Why is Samsung's Galaxy S9 flagship struggling?

By Leo Kelion
Technology desk editor

Image source, Getty Images
Image caption,
The Galaxy S9's introduction of AR Emojis that look like their owners has not made the phone a hit

It wasn't what Samsung or its investors were hoping for.

The company's electronics division has just posted a drop in its latest net profit - and it says "lower-than-expected sales" of its flagship Galaxy S9 smartphone were to blame.

The handset launched in February to a mixed reception.

Critics praised some of its new camera tricks, including the way it made it relatively easy to capture key moments in "super-slow-motion" video.

But they also cast doubt over whether the company had given consumers enough reasons to upgrade.

What is Samsung saying?

Despite speculation that the S9's sales have been the series's weakest since the S3, the company has not disclosed exact numbers.

The closest it came was to confirm the division responsible had suffered a 20% revenue drop.

But executives did tackle the matter head on during a conference call in which they referred to a "stagnant high-end market".

"As smartphones become more high-spec and product differentiation is becoming less clear, the global handset replacement cycles are getting longer," said one representative.

"Also, the higher price points of premium products appear to be driving market resistance."

In other words, Samsung believes the S9 failed to distinguish itself from other high-end handsets at the same time as being too expensive for many consumers' pockets.

Why has the S9 struggled to stand out?

With a few exceptions, most smartphones look pretty similar these days: a flat panel of glass fixed to a curved metal rear, with the bezels kept to a minimum.

Media caption,
Watch: Spencer Kelly gets hands on with the Galaxy S9

In particular, the physical differences between the S8 and S9's exteriors were pretty minor, with reviewers left to obsess over a slight shift in the position of the fingerprint sensor.

The other big hardware change was the S9's introduction of a dual aperture lens. But that may have proved a difficult sell to anyone beyond the photography geeks who probably already owned a dedicated camera.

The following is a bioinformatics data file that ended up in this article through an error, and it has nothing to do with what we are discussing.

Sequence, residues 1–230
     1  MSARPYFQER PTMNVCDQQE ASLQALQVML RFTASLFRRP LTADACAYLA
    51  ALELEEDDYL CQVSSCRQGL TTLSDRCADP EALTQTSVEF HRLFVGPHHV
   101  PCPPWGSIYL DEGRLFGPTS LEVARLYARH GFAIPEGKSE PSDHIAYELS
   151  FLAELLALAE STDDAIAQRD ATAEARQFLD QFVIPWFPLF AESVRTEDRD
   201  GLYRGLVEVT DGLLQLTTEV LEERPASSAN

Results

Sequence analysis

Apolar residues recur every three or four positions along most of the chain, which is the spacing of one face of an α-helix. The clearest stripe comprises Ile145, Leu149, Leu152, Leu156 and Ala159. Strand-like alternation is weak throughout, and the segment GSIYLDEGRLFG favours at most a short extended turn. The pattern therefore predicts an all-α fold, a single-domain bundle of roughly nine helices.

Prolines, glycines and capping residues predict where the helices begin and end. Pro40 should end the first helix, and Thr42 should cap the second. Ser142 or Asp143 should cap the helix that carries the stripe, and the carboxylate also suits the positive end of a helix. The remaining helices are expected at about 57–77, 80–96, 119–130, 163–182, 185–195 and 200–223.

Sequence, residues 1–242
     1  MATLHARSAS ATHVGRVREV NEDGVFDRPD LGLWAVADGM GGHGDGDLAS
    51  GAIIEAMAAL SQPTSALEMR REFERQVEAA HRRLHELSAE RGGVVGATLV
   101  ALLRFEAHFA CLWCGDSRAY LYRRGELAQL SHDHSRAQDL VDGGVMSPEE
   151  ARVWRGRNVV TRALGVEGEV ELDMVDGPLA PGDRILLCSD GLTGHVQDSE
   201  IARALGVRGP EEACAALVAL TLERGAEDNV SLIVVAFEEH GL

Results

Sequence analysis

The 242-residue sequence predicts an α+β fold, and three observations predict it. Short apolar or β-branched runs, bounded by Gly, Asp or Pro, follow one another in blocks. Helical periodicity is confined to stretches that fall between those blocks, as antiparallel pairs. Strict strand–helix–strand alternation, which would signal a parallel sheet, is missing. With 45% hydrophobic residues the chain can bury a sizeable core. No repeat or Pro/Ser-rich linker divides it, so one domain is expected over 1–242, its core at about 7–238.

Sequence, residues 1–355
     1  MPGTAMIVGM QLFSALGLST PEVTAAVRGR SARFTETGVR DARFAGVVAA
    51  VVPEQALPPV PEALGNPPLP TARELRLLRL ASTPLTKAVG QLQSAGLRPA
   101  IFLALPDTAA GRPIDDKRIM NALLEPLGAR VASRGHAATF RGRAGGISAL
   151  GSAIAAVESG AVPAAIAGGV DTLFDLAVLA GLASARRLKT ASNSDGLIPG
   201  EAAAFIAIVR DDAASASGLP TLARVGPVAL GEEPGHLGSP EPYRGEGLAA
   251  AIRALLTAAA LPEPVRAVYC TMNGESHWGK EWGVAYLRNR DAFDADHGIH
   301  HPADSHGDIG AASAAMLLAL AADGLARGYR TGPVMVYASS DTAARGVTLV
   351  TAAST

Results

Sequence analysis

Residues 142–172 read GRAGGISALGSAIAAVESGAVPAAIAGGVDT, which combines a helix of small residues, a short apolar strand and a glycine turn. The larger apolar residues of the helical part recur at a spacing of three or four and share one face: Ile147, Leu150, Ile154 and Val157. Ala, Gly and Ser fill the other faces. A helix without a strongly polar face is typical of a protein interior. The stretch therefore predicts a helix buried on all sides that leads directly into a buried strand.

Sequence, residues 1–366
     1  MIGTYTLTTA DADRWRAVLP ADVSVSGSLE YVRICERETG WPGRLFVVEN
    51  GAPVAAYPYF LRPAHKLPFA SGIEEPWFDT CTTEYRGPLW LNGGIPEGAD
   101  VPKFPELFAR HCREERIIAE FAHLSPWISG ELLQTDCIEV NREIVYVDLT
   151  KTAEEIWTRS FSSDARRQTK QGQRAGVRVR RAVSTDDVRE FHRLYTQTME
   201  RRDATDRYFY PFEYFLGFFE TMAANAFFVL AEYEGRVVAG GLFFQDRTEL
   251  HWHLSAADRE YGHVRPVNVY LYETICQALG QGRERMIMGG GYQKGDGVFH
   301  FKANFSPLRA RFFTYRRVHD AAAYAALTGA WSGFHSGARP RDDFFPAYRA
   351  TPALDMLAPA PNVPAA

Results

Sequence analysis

"It's an exceptional phone but I don't think there was enough differentiation," said Roberta Cozza, from the tech consultancy Gartner.

"Differentiation today comes from creating compelling experiences and I don't think Samsung has done enough in that area yet.

"[Its artificial intelligence assistant] Bixby, for example, hasn't been the success it had been hoping for."

Samsung is far from the only handset-maker to have made its most radical changes on a two-year basis, with more limited tweaks to the in-between models.

But another expert suggested that this strategy had become problematic.

"What's changed in the last 18 months is that the rate of commoditisation has become much faster, in terms of the speed with which specifications and design characteristics can be copied from one brand to the next," said Ben Stanton, a tech analyst at Canalys.

"When the Galaxy S8 launched in 2017, it was a pioneering product and nothing looked like it.

Image source, Samsung
Image caption,
The Galaxy S9 - shown on the right - strongly resembled the S8 - seen on the left

"But now there is a flood of devices that are very similar and sometimes better priced."

What threat do Chinese rivals pose?

China once presented Samsung with a huge opportunity. These days, it poses a threat.

The South Korean company used to be the bestselling smartphone brand in China's giant smartphone market.

Now, it has been relegated to the "others section" of market share charts and it is domestic companies that dominate.